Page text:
Memphis will have strong teams, and more veteran units, coming for their playoff spot in the form of Portland and New Orleans. Valanciunas says the Grizzlies will be ready.

We’re really motivated. We don’t need to find extra motivation. We’re young. We want to establish our names and build as a unit.

It’s going to be a unique format when the NBA returns, in what has been a season turned upside down. That, however, can be a bonding experience for this young Grizzlies team, something that makes them better faster.

Some NBA players reportedly expect families can’t come to Orlando until September

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Nothing is set in stone until the owners vote on Thursday, but the NBA’s return likely will have teams reporting to the “bubble” (or campus, or whatever term of art the league ends up using) in Orlando in mid-July. Games would start July 31 and run into late September and maybe even October.

For players, that’s a long time to be stuck in a hotel without seeing family or loved ones, so families joining the players has long been part of the plan. Except, now comes a note from Tim Reynolds at the AP that some players think their families may not be able to join them until deep into the postseason.

The smaller the bubble, the easier it is to maintain with extensive testing, which is why not all 30 teams are expected to be invited and the size of team traveling parties will be smaller. It has been expected that families wouldn’t be invited to join players at least until after the first round of the playoffs (when a lot of players left).

However, if games start July 31 and the league plans to play a couple of weeks of regular-season games, followed by a play-in tournament for the final playoff spot, then it will be September by the time the NBA gets to a final eight teams. Which will have players separated from their families for a couple of months.

It’s easy to understand the players’ frustrations with that. No matter what direction Adam Silver goes with this restart, there are going to be some unhappy teams and players.

 

Sixers head into playoffs with healthy Ben Simmons but new, untested starting five

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Philadelphia heads into the NBA’s restart — in whatever format it takes — as a team that, on the surface, benefits some from the break.

Ben Simmons was expected to return from his back issues in time for the playoffs, but it was going to be close, and he wouldn’t be fully rested and ready. Now, the All-Star is healthy and not the only player trying to shake off the rust from a long break. That’s 16.7 points, 7.8 rebounds, and 8.2 assists a game, and some strong defense back in the lineup.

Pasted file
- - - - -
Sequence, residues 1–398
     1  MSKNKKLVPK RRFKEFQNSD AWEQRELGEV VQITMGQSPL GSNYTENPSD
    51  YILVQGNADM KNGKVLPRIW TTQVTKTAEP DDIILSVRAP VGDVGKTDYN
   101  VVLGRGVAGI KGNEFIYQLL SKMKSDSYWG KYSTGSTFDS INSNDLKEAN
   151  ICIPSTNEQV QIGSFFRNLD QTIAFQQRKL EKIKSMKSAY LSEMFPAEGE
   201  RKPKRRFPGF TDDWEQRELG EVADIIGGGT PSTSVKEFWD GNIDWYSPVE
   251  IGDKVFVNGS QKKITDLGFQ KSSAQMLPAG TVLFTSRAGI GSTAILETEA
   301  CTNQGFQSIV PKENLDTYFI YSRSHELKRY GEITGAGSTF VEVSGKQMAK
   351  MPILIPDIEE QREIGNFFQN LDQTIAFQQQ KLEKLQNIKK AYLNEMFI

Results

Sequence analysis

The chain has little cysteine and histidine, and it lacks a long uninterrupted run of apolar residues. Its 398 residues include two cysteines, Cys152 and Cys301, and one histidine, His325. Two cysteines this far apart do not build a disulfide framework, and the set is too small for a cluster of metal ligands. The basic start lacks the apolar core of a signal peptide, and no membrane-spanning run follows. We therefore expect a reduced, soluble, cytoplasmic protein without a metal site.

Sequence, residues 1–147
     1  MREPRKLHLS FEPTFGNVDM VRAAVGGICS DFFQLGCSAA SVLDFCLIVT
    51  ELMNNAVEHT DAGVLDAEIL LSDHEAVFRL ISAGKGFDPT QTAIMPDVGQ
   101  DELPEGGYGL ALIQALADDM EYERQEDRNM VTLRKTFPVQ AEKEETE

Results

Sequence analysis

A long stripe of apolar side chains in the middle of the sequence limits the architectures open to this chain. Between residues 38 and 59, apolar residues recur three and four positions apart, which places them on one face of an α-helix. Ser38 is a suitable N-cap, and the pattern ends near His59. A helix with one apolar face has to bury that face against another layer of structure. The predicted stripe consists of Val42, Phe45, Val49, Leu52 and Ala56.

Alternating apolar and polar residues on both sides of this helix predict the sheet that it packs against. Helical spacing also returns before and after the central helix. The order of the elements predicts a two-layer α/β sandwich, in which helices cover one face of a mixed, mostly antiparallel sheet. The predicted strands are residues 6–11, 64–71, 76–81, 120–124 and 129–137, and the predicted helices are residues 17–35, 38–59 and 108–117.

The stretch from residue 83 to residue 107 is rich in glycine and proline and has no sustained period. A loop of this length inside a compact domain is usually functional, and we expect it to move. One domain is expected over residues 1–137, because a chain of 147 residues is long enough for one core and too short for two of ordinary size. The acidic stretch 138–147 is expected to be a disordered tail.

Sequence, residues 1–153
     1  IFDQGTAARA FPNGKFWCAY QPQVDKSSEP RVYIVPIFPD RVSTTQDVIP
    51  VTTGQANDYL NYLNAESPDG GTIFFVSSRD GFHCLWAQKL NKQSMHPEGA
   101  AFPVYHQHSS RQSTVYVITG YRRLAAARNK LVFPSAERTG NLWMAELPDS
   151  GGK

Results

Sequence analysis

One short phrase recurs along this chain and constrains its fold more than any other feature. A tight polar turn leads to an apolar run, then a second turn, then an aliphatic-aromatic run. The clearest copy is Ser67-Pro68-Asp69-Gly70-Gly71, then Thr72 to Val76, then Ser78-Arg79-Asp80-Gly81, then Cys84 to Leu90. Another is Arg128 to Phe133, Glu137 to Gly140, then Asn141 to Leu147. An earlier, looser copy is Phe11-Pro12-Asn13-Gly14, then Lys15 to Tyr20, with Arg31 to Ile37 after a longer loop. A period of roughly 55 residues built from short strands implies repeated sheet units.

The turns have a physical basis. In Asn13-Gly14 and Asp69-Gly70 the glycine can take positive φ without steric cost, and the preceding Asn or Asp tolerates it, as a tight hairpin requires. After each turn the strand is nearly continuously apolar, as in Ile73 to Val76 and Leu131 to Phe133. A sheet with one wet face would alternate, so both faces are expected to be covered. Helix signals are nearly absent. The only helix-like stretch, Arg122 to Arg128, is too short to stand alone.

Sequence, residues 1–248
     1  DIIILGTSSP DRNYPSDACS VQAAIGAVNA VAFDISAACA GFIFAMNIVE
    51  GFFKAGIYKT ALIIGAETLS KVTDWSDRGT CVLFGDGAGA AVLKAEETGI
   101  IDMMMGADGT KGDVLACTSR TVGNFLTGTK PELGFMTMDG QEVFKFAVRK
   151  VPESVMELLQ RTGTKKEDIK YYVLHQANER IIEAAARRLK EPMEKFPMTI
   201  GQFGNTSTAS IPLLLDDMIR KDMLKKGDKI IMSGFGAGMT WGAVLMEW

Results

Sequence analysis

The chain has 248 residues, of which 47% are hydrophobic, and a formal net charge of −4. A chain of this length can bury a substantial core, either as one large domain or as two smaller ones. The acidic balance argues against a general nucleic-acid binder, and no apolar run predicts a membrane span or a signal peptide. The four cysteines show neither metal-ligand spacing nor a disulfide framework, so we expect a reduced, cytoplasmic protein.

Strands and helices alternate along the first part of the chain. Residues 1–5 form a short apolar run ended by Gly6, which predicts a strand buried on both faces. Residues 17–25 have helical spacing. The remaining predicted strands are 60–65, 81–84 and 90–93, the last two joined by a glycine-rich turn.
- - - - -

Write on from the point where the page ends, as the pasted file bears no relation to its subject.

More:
But that lineup has never really fit together this season in Philadelphia, which is why heading into the restart playoffs the Sixers will have a new one.

Philly is expected to roll out a starting five of Simmons, Shake Milton, Joel Embiid, Josh Richardson, and Tobias Harris, reports The Athletic’s Derek Bodner. That lineup has played zero minutes together this season (Milton hit his groove with the team late and by that point Embiid and Simmons were battling injuries). Learning chemistry on the fly in what will be, at best, a shortened and condensed regular season before the playoffs start, is a tough way to go.

It’s also the right move, Milton brings the shooting and floor spacing this roster needs. Philly had envisioned Al Horford as a floor-spacing four (who could spell Embiid at the five), but it hasn’t worked out. When Simmons, Embiid and Horford have been on the court this season, the team has scored less than a point per possession (defensively, they also gave up less than a point per possession, the Sixers basically played their opponents even in those minutes). It hasn’t meshed.

When Milton, Simmons, and Embiid have played together this season — in limited minutes and different situations than the one proposed — the offense has been only slightly better and the defense has been a mess. That’s likely not the case with Richardson and Harris on the court, but nobody knows exactly how this will work. It looks good on paper, but we’ve thought that all season about the 76ers.

Which makes Philadephia one of the most interesting teams to watch when games restart. All season long this team has not lived up to expectations (for which coach Brett Brown’s seat is very hot, even if blame for the roster issues should go higher up the ladder). Now comes a real test. If the 76ers suddenly get it together they become a real threat to the Bucks in the East (if the league keeps an East/West format). Or, this could be the latest Sixers lineup to fall short.

Either way, they become must-watch television.